changes between landscape and portrait to match the current actual width.

When your application provides multiple resource directories with different values

for this configuration, the system uses the one closest to (without exceeding) the device's current screen width. The value here takes into account screen decorations, so if the device has some persistent UI elements on the left or right edge of the display, it uses a value for the width that is smaller than the real screen size, accounting

for these UI elements and reducing the application's available space.

Added in API level 13.

Also see the <a href="/reference/android/content/res/Configuration.html#screenWidthDp">screenWidthDp</a> configuration field, which holds the current screen width.

For more information about designing for different screens and using this

qualifier, see the <a href="/guide/practices/screens_support.html">Supporting

Multiple Screens</a> developer guide.

Available height h<N>dp

Examples:
h720dp
h1024dp
etc.

Specifies a minimum available screen height, in "dp" units at which the resource

should be used—defined by the <N> value. This configuration value will change when the orientation

changes between landscape and portrait to match the current actual height.

When your application provides multiple resource directories with different values

for this configuration, the system uses the one closest to (without exceeding) the device's current screen height. The value here takes into account screen decorations, so if the device has some persistent UI elements on the top or bottom edge of the display, it uses a value for the height that is smaller than the real screen size, accounting for these UI elements and reducing the application's available space. Screen decorations that are not fixed (such as a phone status bar that can be hidden when full screen) are not accounted for here, nor are window decorations like the title bar or action bar, so applications must be prepared to deal with a somewhat smaller space than they specify.

<p>Added in API level 13.

Also see the <a href="/reference/android/content/res/Configuration.html#screenHeightDp">screenHeightDp</a> configuration field, which holds the current screen width.

For more information about designing for different screens and using this

qualifier, see the <a href="/guide/practices/screens_support.html">Supporting

Multiple Screens</a> developer guide.

Screen size small
normal
large
xlarge
  • small: Screens that are of similar size to a

    low-density QVGA screen. The minimum layout size for a small screen is approximately 320x426 dp units. Examples are QVGA low density and VGA high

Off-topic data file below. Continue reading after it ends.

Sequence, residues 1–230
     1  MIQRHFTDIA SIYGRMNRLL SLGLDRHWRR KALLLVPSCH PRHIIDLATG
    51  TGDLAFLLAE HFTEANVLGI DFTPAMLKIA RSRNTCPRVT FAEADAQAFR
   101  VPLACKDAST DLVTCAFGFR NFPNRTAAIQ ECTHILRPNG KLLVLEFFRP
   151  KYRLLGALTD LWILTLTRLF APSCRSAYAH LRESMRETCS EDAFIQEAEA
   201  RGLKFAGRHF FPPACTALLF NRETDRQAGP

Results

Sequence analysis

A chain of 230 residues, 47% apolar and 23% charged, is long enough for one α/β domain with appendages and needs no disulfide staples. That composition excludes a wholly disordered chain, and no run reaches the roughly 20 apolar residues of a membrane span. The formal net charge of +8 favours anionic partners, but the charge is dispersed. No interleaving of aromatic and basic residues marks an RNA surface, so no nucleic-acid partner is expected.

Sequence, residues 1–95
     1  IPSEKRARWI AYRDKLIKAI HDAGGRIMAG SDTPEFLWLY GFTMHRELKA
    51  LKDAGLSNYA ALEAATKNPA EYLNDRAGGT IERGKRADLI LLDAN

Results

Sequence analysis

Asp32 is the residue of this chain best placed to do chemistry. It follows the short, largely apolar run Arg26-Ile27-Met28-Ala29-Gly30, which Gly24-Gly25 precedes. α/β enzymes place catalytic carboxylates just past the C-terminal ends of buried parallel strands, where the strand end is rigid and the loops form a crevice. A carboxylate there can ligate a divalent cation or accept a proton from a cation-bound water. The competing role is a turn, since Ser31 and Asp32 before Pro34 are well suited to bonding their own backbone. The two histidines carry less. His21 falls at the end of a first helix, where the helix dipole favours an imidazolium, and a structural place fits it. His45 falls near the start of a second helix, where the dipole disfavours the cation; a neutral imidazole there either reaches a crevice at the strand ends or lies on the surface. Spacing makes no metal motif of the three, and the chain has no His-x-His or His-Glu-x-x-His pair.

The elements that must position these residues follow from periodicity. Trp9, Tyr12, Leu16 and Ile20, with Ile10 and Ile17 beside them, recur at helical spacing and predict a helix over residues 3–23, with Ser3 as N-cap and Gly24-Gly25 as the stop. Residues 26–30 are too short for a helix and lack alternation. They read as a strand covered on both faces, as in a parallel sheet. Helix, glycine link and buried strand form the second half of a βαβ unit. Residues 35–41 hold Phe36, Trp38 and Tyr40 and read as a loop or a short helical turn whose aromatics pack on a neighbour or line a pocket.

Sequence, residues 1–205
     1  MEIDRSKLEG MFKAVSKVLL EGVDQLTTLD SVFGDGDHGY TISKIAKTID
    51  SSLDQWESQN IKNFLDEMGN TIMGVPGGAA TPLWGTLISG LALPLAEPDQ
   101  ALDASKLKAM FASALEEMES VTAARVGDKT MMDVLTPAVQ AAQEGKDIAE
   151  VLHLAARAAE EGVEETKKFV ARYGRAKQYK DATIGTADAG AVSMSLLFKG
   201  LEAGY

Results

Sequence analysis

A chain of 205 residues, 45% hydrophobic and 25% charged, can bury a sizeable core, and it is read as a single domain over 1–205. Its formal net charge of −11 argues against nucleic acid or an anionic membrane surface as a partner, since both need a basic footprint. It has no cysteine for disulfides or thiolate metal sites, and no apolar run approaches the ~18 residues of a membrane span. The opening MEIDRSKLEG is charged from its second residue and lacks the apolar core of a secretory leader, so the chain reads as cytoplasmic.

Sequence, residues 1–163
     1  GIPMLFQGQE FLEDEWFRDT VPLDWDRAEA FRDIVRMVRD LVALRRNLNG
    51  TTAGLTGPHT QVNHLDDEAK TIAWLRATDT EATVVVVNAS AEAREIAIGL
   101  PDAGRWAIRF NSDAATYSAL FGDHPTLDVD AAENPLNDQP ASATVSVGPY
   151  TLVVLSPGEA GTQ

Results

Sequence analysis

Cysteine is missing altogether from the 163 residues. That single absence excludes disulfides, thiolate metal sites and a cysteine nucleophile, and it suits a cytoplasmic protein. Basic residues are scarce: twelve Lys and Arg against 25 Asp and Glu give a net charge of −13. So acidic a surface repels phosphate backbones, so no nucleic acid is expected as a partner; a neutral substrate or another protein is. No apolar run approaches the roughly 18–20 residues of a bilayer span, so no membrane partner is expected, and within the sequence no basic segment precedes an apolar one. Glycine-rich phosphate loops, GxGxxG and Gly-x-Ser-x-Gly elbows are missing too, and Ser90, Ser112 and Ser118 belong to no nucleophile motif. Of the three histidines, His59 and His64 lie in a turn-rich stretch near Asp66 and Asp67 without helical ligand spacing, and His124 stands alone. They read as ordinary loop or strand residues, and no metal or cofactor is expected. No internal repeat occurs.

density.
  • normal: Screens that are of similar size to a

    medium-density HVGA screen. The minimum layout size for a normal screen is approximately 320x470 dp units. Examples of such screens a WQVGA low density, HVGA medium density, WVGA

    high density.
  • large: Screens that are of similar size to a

    medium-density VGA screen. The minimum layout size for a large screen is approximately 480x640 dp units.

    Examples are VGA and WVGA medium density screens.
  • xlarge: Screens that are considerably larger than the traditional

    medium-density HVGA screen. The minimum layout size for an xlarge screen is approximately 720x960 dp units. In most cases, devices with extra large screens would be too large to carry in a pocket and would most likely

    be tablet-style devices. Added in API level 9.

Note: Using a size qualifier does not imply that the

resources are only for screens of that size. If you do not provide alternative resources with qualifiers that better match the current device configuration, the system may use

whichever resources are the <a href="#BestMatch">best match</a>.

Caution: If all your resources use a size qualifier that

is larger than the current screen, the system will not use them and your

application will crash at runtime (for example, if all layout resources are tagged with the xlarge qualifier, but the device is a normal-size screen).

Added in API level 4.

See <a href="/guide/practices/screens_support.html">Supporting Multiple Screens</a> for more information.

Also see the <a href="/reference/android/content/res/Configuration.html#screenLayout">screenLayout</a> configuration field,

which indicates whether the screen is small, normal,